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Current position of the SSV Corwith Cramer. Click on the vessel to view position history. Use the layer tools, top right, to change the map style or to view data layers. Dates and times use GMT (Greenwich Mean Time).

SEA Currents: SSV Corwith Cramer

June 10, 2018

Christmas Island Coral Reef

Abril Fleitas, A Watch, Northeastern University

Scenes from the reef at Christmas Island.

Ship's Log

Current Position
Christmas Island

Ship’s Heading & Speed
Enjoying Christmas Island until our departure on June 14th

Sail Plan
Anchored at Christmas Island

Overcast with occasional rain showers

Souls on board

Waking up today was different than the past 6 days. It was our first time seeing land since we departed Caroline Atoll! Upon our arrival, we were visited by the Kiribati Coastal Guard. They inspected our vessel and did all of our immigration papers. Since the currents changed our trajectory, we managed to arrive a day early, and this is granting us an extra day at Christmas Island.

Today we got to have some time looking at the reefs. We saw some giant clams, conch shells, parrot fish, Moorish idol, filefish, wrasses, box fish, and someone even saw an octopus. It was spectacular!

Tomorrow, we will have some time to spend ashore, exploring the island before meeting some of the local students. We will be doing a mini "exchange" where we will be exploring their school while they will have the opportunity to explore the RC Seamans. More details about that to come tomorrow. We are really looking forward to getting a glimpse on what it is like to grow up in an island far away from everyone else.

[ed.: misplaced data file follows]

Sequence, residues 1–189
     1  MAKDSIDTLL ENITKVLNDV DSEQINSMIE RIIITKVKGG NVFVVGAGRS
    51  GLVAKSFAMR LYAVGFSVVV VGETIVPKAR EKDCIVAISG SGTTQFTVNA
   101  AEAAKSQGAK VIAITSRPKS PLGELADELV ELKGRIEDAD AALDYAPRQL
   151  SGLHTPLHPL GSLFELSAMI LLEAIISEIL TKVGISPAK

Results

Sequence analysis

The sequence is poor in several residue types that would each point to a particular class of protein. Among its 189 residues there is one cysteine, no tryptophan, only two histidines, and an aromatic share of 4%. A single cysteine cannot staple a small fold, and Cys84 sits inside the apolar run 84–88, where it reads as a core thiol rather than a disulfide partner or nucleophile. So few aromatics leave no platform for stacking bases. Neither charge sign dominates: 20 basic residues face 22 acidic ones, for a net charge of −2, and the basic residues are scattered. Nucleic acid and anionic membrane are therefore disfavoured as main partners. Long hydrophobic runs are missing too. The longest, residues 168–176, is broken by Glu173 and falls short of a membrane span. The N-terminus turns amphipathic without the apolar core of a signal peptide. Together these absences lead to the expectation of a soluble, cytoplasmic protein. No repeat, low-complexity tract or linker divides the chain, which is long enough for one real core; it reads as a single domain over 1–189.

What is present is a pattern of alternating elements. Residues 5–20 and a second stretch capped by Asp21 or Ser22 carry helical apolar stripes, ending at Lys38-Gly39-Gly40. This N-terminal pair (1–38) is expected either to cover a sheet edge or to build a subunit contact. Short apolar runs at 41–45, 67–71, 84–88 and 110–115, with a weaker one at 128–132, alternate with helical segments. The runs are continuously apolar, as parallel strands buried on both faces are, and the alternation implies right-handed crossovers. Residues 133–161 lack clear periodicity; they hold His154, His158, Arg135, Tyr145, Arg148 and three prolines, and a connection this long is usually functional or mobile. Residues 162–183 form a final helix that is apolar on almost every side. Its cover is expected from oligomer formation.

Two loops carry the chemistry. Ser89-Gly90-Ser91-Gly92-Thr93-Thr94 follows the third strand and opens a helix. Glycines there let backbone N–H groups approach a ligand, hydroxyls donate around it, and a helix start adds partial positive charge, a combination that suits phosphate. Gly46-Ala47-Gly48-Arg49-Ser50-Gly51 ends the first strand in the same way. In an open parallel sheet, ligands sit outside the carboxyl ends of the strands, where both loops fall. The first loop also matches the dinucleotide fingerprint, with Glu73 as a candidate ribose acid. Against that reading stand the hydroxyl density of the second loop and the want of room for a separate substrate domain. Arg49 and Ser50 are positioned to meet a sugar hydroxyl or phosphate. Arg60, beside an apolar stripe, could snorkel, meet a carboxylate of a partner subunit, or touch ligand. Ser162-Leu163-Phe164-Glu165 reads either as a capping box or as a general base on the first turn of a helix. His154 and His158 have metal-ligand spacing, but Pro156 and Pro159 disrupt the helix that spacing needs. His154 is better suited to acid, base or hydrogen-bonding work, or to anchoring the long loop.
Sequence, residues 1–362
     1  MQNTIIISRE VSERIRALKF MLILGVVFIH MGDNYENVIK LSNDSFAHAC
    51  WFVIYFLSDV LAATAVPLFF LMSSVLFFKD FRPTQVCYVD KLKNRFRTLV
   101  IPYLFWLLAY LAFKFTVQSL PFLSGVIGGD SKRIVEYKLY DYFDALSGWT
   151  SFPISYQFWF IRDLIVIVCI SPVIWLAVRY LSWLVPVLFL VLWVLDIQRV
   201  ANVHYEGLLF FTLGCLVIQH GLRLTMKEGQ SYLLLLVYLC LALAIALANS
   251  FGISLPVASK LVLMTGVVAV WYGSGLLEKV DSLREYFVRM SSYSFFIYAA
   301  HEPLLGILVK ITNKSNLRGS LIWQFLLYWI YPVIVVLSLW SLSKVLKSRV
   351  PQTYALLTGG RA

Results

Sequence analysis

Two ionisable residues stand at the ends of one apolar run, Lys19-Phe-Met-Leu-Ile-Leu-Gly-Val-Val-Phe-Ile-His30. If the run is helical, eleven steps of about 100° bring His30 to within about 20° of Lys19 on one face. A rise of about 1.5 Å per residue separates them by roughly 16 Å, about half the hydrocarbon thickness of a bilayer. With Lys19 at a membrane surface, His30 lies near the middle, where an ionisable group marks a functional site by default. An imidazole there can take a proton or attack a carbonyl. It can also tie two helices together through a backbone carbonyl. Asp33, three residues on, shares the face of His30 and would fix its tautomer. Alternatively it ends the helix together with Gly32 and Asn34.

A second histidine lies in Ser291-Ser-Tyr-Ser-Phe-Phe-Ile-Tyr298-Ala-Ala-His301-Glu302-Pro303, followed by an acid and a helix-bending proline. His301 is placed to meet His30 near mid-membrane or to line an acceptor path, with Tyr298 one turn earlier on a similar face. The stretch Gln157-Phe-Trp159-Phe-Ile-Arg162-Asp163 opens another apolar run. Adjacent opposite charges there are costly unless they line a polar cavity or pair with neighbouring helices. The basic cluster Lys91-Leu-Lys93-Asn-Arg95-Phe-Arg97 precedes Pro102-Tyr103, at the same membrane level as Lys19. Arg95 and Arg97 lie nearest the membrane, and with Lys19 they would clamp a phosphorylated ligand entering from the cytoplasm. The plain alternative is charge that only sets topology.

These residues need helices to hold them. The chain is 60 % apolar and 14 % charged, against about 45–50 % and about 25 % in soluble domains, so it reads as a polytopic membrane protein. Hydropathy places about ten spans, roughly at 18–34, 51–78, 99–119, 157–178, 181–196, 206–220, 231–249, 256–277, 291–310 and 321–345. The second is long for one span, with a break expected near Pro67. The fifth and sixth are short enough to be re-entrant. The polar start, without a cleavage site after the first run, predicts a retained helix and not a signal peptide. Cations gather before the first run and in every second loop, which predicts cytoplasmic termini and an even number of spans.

It won't be long until the World Cup starts and I am sad to be missing the opening stages. Being from Argentina, soccer is a large part of our culture and I hope don't come back to some devastating news. I occasionally wonder what team won the Stanley Cup and the NBA finals however being disconnected from the rest of the world has been very relaxing. Some of us were even debating what would be the biggest news event that occurred while we were gone.

Once we depart Kiribati in 3 days, we will be approaching the last 2 weeks we have left. It seems that when we are underway (moving towards our next destination) days merge and it is hard to really keep track of what day we are in. However, it isn't really relevant to us whether it is Monday, Thursday or Sunday.

- Abril, A Watch, Northeastern University

P.S Feliz cumple Juanchooo y congrah Sofi, I canoh beli eh! Besos a todos

Categories: Robert C. Seamans,Pacific Reef Expedition, • Topics: s280  study abroad  polynesia.  coral reefs • (1) Comments


Leave a public comment for students and crew to read when they reach their next port and have access to the internet!

#1. Posted by Kelli on June 15, 2018

Spectacular pictures of the reef! I imagine the thrill you all must experience to be so up close and personal to one of the most amazing wonders of the world.  Reefs are the heartbeat of the ocean. . . I love seeing and hearing about your adventure through the eyes and heart of each one of you.  Tiffany, this made me think about you even more today! Continued blessings on your magical and wonderful journey!  Much love, Mom



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